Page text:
The emperor of SUVs: Mercedes-Benz Unimog review

Published:06 October 2017

The emperor of SUVs: Mercedes-Benz Unimog review
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By Gareth Evans

Contributor, historic racer and now running sister title Motor Cycle News's website

By Gareth Evans

Contributor, historic racer and now running sister title Motor Cycle News's website

► Mercedes Unimog driven
► MB Trucks’ go-anywhere mammoth
► The ultimate 4×4?

The Mercedes-Benz Unimog is among the most versatile road-going vehicles on sale.

Its Tonka Truck looks are a mere hint at the capabilities this beast has. It can be a snow plough, a hay baler, a lawn mower, a fire engine, a pothole repair vehicle and even work on railways if you install the right optional extras.

Many add-ons are modular, which makes the Unimog truly multipurpose. One minute it’s a hedge-trimmer, the next a grit-spreader. It’s a proper year-round workhorse sold under the Mercedes-Benz Trucks banner.

What on earth is a lorry doing in CAR?

Fair question. The thing is – admittedly for a tiny portion of the general public – the Unimog could be a genuine lifestyle proposition. It’ll do up to 56mph but more importantly will cover ground no other road car could hope to scale and ford rivers that would wash away lesser 4x4s.

Mercedes Unimog track

That’s thanks to portal axles, which have a tube connecting the two wheels that sits a fair way above the centreline of the wheel. Each one has a locking off-set diff for the best possible ground clearance, making for a wading depth of up to 1.2 metres in some configurations.

There’s even a Unimog fan club in the UK.

With that in mind it’s our duty to have a go and let you know just what it’s like to get behind the wheel – from the perspective of a modern car driver.

And what a wheel it is. It’s roughly the diameter of the moon and requires so many turns from lock to lock we needed a rest after negotiating a hairpin. It’s also an incredibly long way up – three large vertical steps are required before plonking ourselves into the overly sprung truck seat.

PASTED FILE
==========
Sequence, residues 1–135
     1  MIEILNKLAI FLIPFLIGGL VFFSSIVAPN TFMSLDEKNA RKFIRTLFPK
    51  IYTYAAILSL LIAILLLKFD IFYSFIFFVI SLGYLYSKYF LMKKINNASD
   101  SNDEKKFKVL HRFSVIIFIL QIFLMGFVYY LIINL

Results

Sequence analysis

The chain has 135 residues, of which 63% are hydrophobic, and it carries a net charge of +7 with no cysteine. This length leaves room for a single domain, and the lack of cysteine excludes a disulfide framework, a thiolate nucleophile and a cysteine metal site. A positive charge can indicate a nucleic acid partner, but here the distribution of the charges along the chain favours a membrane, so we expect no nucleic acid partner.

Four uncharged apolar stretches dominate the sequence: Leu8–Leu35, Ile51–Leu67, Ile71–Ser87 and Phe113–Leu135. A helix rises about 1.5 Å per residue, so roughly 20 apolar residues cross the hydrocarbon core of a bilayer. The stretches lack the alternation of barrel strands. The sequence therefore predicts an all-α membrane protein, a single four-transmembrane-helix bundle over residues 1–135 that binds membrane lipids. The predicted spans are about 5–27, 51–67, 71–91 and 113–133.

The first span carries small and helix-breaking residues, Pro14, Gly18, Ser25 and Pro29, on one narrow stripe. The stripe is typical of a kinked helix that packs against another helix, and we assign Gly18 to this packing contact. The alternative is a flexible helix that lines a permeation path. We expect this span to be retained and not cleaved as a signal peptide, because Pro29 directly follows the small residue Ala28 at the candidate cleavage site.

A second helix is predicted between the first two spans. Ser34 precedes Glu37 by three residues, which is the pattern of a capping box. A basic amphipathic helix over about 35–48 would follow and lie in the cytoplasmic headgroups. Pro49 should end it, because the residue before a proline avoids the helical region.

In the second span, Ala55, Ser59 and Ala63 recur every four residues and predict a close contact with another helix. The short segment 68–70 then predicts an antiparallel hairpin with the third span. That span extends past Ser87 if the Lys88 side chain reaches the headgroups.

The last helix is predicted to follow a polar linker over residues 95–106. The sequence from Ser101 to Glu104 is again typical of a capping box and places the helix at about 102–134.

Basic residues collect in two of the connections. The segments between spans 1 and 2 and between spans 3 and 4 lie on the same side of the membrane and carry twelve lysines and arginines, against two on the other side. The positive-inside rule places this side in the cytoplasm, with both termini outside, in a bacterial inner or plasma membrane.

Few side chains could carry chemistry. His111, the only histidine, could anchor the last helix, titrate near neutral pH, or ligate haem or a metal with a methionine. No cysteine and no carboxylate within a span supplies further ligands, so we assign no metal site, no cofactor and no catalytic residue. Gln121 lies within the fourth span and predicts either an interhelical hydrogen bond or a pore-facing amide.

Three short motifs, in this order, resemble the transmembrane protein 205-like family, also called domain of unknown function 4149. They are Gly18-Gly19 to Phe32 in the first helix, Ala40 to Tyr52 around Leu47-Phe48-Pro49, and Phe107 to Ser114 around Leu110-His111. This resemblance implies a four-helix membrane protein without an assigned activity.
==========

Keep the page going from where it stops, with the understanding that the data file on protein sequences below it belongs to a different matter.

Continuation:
Immediately we’re struck by the visibility the driver is afforded here – you have a fully panoramic view of the terrain you’re about to monster, and moveable cameras mean you can keep an eye on any attachments you may be using at the time. You’ll be able to see them while you’re working, too, which is an advantage over many agricultural vehicles.

Turn on, tune in, tackle tough terrain

Switching on the ignition is via conventional key, but that’s where the similarities between the Unimog and off-road-capable cars ends.

Your first job is to select D on the gear selector paddle just underneath the righthand side of the ‘wheel, which you do by turning a rotary knob from N (Neutral) to D (drive). With us so far?

Then choose between manual or auto settings for the automated manual gearbox. You’ll want the former for off-road work (pull for up, push for down) and the latter for normal driving, but either way be prepared for quite a wait between ratios. It felt as though we could have eaten lunch between second and third.

When the shove finally does come, it’s absolutely enthralling. It might ‘only’ have 295bhp coming from the six-pot diesel motor, but that’s accompanied by a monstrous 885lb ft of torque. This thing could tow the Isle of Wight, and will drive in fourth gear at around 10-15mph.

More than one type of brake…

Dragging heavy loads is one obvious benefit of a Unimog, but how on earth do you make something of this mass slow down again? There are conventional brakes for all four wheels, but there’s an engine brake too, which is also controlled from the gear selector paddle. One click downwards activates the first level of retardation, and one more elicits the whole hog.

Mercedes Unimog Gareth driving